It seemed to happen overnight. One day we're going to the local turo-turo with our parents eating Adobo and Sinigang buffet-style while our non-Pinoy friends watch horrified and before you know it, celebrities like Andrew Zimmern are lauding our food as "the next big thing". It's a great time to be a lumpia-eating, balut-slupring, San Miguel-chuggin' Pinoy food lover especially with many of our restaurants penetrating the mainstream market like a shot of spicy vinegar. Industry giants hailing from the culinary meccas of the States have been visited by Instagram-toting trendsetters. But how about everyone else? Will Filipino food be just as popular in America's heartland or up in Alaska (do they even sell patis there?!). Yana Gilbuena, the travelling chef behind the SALO Series has been on tour to spread peace, love, and fried rice, hosting a pop-up dinner in a different state each week and I managed to snag an interview during her Chicago stop.
As with any movement during its heady, adrenaline-fueled days, the Filipino Food one is interesting to see especially since there is no one definition for it. Will the rest of America warmly embrace our food as cosmpolitan foodies have? Or will factors such as shame, a lack of community support, and a people used to assimilating drown it out? It certainly is the time for Filipino-Americans to define the movement as they see fit. Read on and ask: "What direction should the movement take? And are we really the next big thing?"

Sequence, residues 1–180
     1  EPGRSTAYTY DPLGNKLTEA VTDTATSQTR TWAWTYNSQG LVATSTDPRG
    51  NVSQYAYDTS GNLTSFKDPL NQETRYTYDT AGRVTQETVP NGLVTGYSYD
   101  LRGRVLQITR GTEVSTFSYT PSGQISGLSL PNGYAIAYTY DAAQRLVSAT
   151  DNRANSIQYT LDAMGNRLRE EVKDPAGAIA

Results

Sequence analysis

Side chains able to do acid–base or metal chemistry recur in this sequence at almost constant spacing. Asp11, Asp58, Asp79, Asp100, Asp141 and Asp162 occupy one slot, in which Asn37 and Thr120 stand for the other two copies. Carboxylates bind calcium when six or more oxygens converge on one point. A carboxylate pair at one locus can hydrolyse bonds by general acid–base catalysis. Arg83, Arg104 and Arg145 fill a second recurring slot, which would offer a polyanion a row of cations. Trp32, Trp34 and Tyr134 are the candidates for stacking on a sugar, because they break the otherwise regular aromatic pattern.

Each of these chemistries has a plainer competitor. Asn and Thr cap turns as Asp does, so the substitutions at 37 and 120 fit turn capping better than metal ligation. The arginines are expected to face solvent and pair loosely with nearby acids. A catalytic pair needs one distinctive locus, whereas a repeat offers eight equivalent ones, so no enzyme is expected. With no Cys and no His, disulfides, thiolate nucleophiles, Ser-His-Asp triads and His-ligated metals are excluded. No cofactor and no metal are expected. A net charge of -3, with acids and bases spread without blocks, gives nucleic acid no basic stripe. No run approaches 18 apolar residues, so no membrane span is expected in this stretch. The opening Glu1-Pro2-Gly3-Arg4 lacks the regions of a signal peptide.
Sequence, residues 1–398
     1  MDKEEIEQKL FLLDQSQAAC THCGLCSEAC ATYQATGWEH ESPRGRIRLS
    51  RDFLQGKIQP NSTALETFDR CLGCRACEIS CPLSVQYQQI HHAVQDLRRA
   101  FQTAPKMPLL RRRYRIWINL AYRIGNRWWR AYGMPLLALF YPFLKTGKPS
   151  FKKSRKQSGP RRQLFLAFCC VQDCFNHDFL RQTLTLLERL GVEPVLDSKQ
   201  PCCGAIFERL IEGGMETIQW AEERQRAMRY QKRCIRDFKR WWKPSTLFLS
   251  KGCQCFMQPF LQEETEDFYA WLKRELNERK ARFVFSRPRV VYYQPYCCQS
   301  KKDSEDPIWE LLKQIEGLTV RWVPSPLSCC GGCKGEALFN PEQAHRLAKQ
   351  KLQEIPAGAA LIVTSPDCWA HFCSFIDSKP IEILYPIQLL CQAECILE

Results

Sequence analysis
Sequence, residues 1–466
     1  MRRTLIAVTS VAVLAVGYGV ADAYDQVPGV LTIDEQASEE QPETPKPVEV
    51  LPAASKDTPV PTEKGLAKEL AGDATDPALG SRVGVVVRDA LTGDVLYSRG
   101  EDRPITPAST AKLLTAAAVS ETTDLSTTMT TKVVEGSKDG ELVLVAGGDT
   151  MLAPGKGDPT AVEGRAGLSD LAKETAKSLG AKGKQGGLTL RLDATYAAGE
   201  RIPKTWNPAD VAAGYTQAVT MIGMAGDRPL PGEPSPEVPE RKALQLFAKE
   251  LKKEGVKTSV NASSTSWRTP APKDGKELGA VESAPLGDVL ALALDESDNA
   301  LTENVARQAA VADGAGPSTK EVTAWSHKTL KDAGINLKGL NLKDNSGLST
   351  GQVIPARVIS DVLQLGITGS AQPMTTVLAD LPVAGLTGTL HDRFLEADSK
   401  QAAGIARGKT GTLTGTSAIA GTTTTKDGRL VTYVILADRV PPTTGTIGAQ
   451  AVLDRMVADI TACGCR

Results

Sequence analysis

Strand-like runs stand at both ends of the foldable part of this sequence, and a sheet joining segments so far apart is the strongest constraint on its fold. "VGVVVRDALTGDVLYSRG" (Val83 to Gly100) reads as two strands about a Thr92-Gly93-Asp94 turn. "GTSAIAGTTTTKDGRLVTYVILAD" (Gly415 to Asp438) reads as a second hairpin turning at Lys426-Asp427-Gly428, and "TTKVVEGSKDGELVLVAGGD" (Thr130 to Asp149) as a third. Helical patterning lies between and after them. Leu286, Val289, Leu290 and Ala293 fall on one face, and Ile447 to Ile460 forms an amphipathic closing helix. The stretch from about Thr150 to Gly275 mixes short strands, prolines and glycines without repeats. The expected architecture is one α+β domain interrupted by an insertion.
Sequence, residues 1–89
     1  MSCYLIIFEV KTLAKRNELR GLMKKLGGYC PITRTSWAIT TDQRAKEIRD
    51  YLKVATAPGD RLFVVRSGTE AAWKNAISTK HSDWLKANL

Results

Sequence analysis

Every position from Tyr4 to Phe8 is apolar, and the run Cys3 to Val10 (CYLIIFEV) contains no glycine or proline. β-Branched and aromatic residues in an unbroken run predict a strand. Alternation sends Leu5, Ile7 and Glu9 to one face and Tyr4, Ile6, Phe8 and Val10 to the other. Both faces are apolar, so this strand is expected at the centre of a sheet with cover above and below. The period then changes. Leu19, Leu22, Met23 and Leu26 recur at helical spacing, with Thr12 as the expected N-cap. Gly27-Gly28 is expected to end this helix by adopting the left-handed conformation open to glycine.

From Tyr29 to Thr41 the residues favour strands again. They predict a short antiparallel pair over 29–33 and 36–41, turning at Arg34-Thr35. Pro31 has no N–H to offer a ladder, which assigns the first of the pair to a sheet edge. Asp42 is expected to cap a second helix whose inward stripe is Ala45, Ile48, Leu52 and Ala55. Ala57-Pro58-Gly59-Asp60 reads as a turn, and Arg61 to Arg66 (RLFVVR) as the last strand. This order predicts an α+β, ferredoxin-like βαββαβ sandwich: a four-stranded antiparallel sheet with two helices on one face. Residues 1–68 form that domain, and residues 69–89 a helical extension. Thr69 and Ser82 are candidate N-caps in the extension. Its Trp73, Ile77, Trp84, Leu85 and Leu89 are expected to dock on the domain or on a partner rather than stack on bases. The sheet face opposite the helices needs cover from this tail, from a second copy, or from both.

Paolo Espanola’s culinary background is as varied as the dim sum menu in Chinatown. From the grilled meats and saffron rice of his birthplace Saudi Arabia, to the fish frys of his collegiate years in the Midwest, and to his Chinese-Filipino background, Paolo enjoys sharing food from all over the world (except for maggots….anything but maggots). He believes that food is the one common language we all share and that total strangers can bond over a shared meal without speaking a word. When he isn’t busy staring at Excel sheets for his accounting day job, he’s buried deep inside a cookbook or catering events. Rarely making the same thing twice and having lost count of the fried chicken he’s burned, Paolo believes dining is the only true sport he’ll ever excel at.
Discover other similar posts on Paolo's blog.
Photo credit: http://errantdiner.com/2014/07/21/salo-chicago/